Nearly 7 million people need humanitarian assistance in Syria, a senior United Nations official said Thursday, criticizing Damascus for hampering aid distribution.
“The needs are growing rapidly and are most severe in the conflict and opposition-controlled areas” of the civil-war ravaged country, Valerie Amos, the global body’s humanitarian chief, told the UN Security Council.
“The latest figures show 6.8 million people in need, 4.25 million people internally displaced and an additional 1.3 million have sought refuge in neighboring countries,” she added. Syria has some 20.8 million inhabitants.
Amos, UN under-secretary general for humanitarian affairs and emergency relief coordinator, said that since January “bureaucratic obstacles have grown and are inhibiting our ability to respond.”
“The limitations on the ground have forced us to being precariously close to suspending some critical humanitarian operations. We are approaching a point of no return,” she said.
The UN high commissioner for refugees, Antonio Guterres, addressing the UN Security Council by video link, said the number of refugees could surpass 3.5 million by the end of the year.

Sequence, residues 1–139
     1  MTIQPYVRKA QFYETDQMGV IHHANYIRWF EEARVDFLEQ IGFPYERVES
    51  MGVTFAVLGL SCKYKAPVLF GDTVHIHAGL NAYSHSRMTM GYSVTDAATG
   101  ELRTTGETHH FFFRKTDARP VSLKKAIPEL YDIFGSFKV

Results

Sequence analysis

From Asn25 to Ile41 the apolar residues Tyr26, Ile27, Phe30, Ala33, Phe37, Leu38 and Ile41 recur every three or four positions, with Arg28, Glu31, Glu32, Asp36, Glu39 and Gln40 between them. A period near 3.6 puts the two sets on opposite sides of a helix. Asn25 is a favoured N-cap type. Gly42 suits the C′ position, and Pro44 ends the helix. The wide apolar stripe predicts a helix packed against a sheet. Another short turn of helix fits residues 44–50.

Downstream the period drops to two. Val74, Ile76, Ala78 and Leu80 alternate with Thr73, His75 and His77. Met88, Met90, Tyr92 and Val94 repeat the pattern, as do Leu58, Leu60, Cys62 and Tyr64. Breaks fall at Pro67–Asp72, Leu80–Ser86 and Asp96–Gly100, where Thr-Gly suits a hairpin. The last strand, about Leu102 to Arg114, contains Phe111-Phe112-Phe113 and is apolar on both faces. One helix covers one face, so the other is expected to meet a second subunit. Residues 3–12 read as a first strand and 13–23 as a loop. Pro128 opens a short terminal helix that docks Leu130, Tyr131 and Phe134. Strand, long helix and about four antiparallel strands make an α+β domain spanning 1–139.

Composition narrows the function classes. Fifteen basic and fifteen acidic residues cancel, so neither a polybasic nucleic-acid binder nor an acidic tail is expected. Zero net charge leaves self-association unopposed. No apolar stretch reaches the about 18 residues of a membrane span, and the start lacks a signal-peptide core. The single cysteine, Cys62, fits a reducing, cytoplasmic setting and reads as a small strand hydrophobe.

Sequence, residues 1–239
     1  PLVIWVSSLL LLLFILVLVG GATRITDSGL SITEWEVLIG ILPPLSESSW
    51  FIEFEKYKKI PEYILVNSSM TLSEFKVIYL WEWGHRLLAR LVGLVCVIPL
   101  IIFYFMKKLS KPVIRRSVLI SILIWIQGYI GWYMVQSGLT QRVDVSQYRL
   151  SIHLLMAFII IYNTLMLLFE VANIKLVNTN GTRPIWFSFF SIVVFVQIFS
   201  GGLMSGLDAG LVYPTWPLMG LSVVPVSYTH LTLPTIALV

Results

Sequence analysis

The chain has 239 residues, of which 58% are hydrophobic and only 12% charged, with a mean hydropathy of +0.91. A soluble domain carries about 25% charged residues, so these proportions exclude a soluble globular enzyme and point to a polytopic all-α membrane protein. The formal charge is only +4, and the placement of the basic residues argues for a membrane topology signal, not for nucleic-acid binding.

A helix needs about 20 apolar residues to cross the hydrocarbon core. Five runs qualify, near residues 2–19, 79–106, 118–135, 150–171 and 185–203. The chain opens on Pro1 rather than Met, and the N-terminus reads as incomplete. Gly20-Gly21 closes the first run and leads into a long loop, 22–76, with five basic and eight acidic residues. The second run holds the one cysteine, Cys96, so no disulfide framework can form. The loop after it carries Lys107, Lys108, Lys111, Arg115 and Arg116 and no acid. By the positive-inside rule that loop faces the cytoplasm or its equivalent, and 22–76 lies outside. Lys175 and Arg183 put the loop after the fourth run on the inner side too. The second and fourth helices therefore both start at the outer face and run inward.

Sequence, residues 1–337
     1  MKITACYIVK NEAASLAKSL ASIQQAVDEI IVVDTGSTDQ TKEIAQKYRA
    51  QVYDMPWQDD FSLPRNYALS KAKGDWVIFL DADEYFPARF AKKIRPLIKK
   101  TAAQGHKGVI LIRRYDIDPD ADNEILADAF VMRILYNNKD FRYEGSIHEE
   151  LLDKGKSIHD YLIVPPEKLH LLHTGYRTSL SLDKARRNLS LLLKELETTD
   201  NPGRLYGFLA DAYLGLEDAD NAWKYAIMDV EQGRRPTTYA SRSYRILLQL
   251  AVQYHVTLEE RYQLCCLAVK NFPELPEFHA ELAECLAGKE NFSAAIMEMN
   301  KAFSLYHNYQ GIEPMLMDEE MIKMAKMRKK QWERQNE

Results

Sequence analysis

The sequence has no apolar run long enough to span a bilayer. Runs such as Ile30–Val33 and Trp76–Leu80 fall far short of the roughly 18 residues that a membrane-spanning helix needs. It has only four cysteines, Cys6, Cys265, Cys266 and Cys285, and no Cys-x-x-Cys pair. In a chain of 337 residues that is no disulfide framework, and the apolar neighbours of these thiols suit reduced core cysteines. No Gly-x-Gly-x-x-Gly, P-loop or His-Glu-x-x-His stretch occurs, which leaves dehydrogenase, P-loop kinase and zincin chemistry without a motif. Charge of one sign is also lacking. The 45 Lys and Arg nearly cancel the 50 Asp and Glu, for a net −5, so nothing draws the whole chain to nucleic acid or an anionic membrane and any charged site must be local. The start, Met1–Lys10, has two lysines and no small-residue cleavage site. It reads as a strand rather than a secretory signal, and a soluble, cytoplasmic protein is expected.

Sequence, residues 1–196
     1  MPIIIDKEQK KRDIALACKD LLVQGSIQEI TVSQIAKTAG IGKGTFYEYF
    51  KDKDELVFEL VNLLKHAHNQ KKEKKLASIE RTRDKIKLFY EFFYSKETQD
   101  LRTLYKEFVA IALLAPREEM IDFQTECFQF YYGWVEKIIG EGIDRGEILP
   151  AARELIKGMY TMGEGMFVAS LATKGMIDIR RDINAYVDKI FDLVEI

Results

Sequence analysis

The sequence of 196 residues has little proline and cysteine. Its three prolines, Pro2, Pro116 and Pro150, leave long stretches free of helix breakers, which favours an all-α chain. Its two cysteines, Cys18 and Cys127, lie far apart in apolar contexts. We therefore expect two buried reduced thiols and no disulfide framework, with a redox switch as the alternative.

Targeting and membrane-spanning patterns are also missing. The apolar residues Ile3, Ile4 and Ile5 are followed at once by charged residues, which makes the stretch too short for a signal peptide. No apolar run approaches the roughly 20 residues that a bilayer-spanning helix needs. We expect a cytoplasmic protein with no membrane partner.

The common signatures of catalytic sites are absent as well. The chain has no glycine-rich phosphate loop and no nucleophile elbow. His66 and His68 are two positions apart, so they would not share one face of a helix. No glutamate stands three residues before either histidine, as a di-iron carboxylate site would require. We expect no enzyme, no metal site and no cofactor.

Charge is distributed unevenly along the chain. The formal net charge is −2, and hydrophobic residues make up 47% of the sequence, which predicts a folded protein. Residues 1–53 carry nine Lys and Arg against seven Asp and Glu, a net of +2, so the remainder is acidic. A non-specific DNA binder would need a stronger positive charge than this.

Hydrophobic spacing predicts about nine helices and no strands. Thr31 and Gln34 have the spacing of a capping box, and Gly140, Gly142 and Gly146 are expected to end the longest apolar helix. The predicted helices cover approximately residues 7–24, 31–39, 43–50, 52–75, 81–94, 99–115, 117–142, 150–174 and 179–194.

“These figures are terrifying. This is not just frightening, it risks becoming simply unsustainable,” he said, calling for more international support for countries hosting refugees, including Lebanon and Jordan.
Amos said the number of approved nongovernmental organizations in Syria was recently cut from 110 to 29, and the UN has just been told that every truck needs a permit signed by two ministers to pass government checkpoints.
“When I tell the Council that a convoy from Damascus to Aleppo goes through 50 checkpoints — half of them government controlled — you will appreciate the impossibility of this request.”
“We cannot do business this way,” she said, adding that 21 visa applications are still pending, and a request to import 22 armored vehicles has still not been approved.
The needs are most pressing in border areas, she said, adding that in the region around Aleppo, “contrary to some widely held perceptions, aid flows across the Turkish border have significantly reduced in the past two months.
“So we are not reaching those most urgently in need of our help,” she said.
Despite the difficulties, the World Food Programme helped nearly 2 million people in March, and UNICEF and its partners have supplied drinking water to 5 million people, Amos noted.
“I can also report some improvement in the funding situation. About half of the $1.5 billion required to cover Syria’s humanitarian needs until June has been received,” including a recent allocation of $300 million pledged by Kuwait.
“I ask those (UN) member state who have not yet converted their conference pledges to cash to do so urgently,” she added.